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Key principles for transitions

In a ‘supported transition’ there should be substantial preparation, planning, adjustment and support.

  • Clearly explain transition processes so that parents, carers and young people can make informed choices.
  • Make views of the child or young person and parent/carers central to and evident in the planning for transition.
  • Use person-centred techniques to support the child or young person’s mental capacity to participate in decision making.
  • Co-ordinate a multi-agency approach to reduce the need for children, young people and families to repeat their stories to multiple agencies.
  • Consider holding transition/planning meetings using online platforms to enable a wide range of professionals to attend.
  • Consider the diverse needs and vulnerabilities of families. Identify children, young people and parents carers who may need additional support for the transition process as early as possible.
  • Be aspirational and promote independence and life skills in children and young people. Have a long-term view for transitions and the pathway to adulthood throughout all education settings.
  • Ensure the individual needs of children and young people are known and supported with personalised approaches. For example, some children will need support to manage all the mini transitions throughout the day.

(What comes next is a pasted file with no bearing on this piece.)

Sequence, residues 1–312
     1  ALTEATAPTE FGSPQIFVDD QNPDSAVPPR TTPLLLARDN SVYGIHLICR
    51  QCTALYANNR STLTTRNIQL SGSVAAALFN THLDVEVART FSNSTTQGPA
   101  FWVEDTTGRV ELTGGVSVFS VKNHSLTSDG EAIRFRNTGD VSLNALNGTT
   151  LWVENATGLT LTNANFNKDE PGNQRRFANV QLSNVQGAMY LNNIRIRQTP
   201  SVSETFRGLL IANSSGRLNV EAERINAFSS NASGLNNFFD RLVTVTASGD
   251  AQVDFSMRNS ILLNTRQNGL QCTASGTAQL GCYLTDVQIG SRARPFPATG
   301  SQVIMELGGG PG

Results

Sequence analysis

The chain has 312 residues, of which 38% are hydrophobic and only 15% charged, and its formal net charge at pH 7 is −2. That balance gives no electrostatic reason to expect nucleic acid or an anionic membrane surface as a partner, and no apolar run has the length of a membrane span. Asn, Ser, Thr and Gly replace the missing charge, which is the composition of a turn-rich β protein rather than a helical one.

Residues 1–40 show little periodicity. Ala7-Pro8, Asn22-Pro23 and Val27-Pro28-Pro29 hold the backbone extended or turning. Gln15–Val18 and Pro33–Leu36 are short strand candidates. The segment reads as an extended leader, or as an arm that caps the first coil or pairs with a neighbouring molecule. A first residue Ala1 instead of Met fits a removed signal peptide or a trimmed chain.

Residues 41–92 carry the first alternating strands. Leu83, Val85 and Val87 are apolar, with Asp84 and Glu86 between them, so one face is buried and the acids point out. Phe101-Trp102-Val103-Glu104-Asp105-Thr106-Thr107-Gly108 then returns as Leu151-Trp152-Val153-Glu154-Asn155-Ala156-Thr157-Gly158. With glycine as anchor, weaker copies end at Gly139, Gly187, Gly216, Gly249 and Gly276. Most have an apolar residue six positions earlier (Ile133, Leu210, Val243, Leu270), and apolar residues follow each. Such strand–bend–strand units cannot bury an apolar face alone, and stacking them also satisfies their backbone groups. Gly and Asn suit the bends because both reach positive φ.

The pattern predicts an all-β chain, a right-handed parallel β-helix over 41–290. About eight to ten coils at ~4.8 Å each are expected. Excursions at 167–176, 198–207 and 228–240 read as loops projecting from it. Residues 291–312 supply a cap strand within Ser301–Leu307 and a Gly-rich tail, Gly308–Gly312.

• The needs of children and young people should be met within their home communities as far as possible. This will enable them to remain part of their established families, local communities and networks.
  • Recognise that transition is an ongoing process, not an isolated event, and that support in settling continues to adapt in response to individual needs.
  • Ensure that records and information about the child or young person are sent securely between settings in a timely manner. This includes safeguarding records sent between Designated Safeguarding Leads (DSL) and SEN files between SENCOs. See ‘Keeping Children Safe in Education 2021’ for further information. It will also include information related to health and therapies.

A child or young person will experience many transitions during their education journey. These changes may take place on a daily basis between their home and setting or between class and break. Other transitions occur less frequently such as a change in school or year group. The way in which transitions are managed is central to the child or young person’s development and emotional well-being. This will have a significant impact on the child’s or young person’s capacity to cope with change in the short and long term.